Like you and I have tried to train people in screenwriting. They are not willing to even learn. I've had some people send me scripts. They will summarize the cast the props and everything in the screenplay. That's during the narration, you know. You know the narration is not supposed to be screen directed. They just write things that will not cut ice in the international scene. So, I think we need to learn. We need to want to learn.

Efefiong: What if someone like you wants to you know branch out from all this noise and have a regular storytelling and screenwriting summit once in a while?

Mathew: Well, it will depend on having money. That's why I'm not even in a hurry to do anything now. I could easily, between my wife and I gather maybe a few hundred thousand and do something. But then where would that get me. So, I've made up my mind to come out with something that at least would be of standard. Something that even the international community can see and say yes, this is worthwhile.

Efefiong: A word of advice for the young ones coming and the ones that are not practicing well.

Mathew: We need to be humble you know? They just believe, because they make money that makes

them. No! It's not all about money. There's this Yoruba adage, sorry I grew up among Yorubas, so I'm more adept.

Efefiong: Where are you from?

Mathew: I’m Ibira from Kogi State. They (Yorubas) say the hand of a child cannot reach a tall object; neither can the hand of an adult enter a gourd; you understand? So, what an adult will see sitting down, a young person will have to stand up to look; even tiptoe to see it. So, once they are ready to learn from us adults and veterans, they will make a headway. But you know moving close to some of them they can be arrogant. They can be downright arsenene.

Sometimes I just decide to just let them be. I’ve worked with even some editors. You know when they edit you wonder.

Recently I had to work with some editors, here in Abeokuta. I paid them to do the job, but I had to teach them how to edit. The simple things about editing they didn't even seem to know. They were surprisingly established editors. One of them was even said to be the best; if not one of the best in Abeokuta. They would not even want to listen to advice; so, I just let him be. But they have to be humble and be ready to learn.

Efefiong: Well to close this interview, let me just give you a personal experience. In recent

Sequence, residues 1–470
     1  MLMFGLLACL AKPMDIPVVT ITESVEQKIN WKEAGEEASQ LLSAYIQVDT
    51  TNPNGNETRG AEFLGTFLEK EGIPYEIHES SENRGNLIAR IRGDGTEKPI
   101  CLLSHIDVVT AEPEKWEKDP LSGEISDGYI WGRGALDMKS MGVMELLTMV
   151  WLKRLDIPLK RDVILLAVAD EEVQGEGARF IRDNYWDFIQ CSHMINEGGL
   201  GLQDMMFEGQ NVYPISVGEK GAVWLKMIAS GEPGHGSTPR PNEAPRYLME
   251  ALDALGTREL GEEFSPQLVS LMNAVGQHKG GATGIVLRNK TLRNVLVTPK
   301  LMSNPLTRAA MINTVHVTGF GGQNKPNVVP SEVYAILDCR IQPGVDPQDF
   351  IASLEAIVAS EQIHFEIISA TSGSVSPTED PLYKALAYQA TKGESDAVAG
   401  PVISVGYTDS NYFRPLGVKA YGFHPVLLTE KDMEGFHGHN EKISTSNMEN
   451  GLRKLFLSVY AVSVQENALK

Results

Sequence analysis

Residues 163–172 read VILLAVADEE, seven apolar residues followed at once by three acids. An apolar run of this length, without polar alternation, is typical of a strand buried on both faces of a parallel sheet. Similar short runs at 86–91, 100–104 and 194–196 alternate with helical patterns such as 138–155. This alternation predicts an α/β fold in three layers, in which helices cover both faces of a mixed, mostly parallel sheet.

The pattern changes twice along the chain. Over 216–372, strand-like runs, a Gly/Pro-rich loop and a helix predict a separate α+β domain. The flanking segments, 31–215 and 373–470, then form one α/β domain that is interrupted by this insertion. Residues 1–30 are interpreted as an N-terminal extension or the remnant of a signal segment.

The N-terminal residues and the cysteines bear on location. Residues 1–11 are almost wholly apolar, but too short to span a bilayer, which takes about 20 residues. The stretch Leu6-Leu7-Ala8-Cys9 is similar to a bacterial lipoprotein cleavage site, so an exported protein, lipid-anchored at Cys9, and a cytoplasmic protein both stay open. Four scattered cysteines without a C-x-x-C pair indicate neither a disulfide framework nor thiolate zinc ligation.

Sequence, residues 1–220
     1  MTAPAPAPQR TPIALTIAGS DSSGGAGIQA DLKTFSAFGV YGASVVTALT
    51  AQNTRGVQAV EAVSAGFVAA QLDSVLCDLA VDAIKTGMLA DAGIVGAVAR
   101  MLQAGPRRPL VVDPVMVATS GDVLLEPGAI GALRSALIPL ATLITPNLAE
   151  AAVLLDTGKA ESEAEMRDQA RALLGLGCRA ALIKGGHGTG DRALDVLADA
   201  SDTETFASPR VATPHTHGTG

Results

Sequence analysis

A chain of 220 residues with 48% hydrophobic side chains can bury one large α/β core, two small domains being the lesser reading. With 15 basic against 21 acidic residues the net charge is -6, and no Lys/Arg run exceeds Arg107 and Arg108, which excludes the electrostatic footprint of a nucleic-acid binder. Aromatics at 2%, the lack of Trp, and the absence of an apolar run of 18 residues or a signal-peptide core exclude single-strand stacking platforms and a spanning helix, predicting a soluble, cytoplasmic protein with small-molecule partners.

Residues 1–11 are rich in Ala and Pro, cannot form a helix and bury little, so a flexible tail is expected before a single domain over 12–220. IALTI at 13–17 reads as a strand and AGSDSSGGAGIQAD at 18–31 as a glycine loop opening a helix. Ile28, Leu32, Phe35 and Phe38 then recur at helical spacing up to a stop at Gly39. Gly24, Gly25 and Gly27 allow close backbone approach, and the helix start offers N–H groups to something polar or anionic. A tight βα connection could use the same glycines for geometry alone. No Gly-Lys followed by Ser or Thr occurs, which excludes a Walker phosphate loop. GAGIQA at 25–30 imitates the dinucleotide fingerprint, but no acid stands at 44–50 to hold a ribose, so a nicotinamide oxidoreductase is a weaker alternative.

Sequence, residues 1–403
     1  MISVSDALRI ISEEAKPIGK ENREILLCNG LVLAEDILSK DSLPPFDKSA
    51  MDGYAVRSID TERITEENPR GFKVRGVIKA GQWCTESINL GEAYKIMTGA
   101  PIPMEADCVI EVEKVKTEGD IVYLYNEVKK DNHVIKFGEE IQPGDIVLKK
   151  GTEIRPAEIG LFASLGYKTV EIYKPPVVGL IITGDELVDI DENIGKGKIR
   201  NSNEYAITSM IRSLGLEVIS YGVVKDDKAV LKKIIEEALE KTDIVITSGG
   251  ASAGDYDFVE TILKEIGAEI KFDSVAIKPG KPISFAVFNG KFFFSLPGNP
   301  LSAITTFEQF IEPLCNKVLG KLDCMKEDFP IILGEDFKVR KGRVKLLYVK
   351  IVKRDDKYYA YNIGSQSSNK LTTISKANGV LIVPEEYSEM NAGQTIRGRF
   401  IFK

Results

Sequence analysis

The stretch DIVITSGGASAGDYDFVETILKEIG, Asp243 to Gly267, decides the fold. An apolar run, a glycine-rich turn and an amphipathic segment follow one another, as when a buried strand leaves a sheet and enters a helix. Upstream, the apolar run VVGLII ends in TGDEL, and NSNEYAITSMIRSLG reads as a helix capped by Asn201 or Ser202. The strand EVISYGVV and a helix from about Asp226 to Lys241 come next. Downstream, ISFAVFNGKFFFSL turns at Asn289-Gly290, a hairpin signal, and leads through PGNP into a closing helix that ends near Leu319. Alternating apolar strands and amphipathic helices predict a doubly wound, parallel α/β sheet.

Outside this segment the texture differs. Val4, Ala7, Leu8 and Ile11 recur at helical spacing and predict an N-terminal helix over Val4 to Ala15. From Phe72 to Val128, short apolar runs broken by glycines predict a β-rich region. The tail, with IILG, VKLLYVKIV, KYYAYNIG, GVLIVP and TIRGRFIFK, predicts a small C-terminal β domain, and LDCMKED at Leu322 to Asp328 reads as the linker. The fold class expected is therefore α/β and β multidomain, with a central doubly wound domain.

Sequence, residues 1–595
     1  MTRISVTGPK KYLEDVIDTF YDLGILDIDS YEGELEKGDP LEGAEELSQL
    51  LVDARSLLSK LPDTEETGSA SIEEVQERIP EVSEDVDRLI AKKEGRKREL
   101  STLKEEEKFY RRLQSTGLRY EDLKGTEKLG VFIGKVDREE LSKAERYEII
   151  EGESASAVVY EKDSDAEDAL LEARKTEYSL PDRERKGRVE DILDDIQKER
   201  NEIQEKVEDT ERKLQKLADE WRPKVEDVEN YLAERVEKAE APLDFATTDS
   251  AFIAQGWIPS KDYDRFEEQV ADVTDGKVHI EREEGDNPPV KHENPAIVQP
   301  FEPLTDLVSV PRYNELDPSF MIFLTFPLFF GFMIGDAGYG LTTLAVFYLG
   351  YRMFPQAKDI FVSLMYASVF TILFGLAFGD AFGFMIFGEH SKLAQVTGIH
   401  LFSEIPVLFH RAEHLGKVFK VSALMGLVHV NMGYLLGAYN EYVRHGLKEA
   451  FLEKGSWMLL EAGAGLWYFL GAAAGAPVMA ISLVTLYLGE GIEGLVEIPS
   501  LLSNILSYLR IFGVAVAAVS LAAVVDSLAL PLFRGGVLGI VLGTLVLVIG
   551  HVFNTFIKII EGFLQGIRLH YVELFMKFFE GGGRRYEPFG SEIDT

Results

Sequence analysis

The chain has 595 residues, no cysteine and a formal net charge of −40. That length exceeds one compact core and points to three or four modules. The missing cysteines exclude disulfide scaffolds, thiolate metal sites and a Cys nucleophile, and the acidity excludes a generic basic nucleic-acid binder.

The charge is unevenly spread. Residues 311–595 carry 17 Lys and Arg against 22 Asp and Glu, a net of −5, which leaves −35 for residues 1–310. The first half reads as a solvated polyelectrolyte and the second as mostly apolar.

times, I watched STV and they were interviewing two professors. One was first female mass communication professor in Nigeria. She assessed that TV has now been devalued; because the value and skills of presenters had fallen. One of the TV program presenters wondered what other sector in Nigeria has not lost value. Where do we go from here; especially for the media?

Mathew: Incidentally you know I worked in TV. When I was at Black drum TV, I had a running battle with a presenter. She just didn't even care, first thing about ethics of the profession you understand. She was arrogant; not ready to take instructions and all that.

She was good at presenting; but you know not with what could make the show last. She was not ready to give it. I began to wonder what causes all this? But then having met some of their lecturers in mass communications departments, I cannot, but conclude that, it is what they learned that are practicing. Some of their teachers are half-baked; so, it's what they teach them that they practice. So okay, yeah; every sector has been degraded; and all that. But you see: television is a journalistic medium, huh?

Efefiong: Yeah!

Mathew: It's supposed to be part of the fourth estate of the realm; so, if it is devalued, how do you now help the other sectors to regain values?

Even film, is supposed to be at the vanguard of changing society. So, if we too have lost our own value, how do we now build value in society? That's the tragedy of the whole thing. So, people, who want to change society are themselves not changed.

Efefiong: Thank you so much Mathew Simpa. We are on Facebook and Instagram. At; if you go to our site. Thank you so much! Do have a nice day!

Mathew: All right!

Efefiong/Mathew: Bye-bye!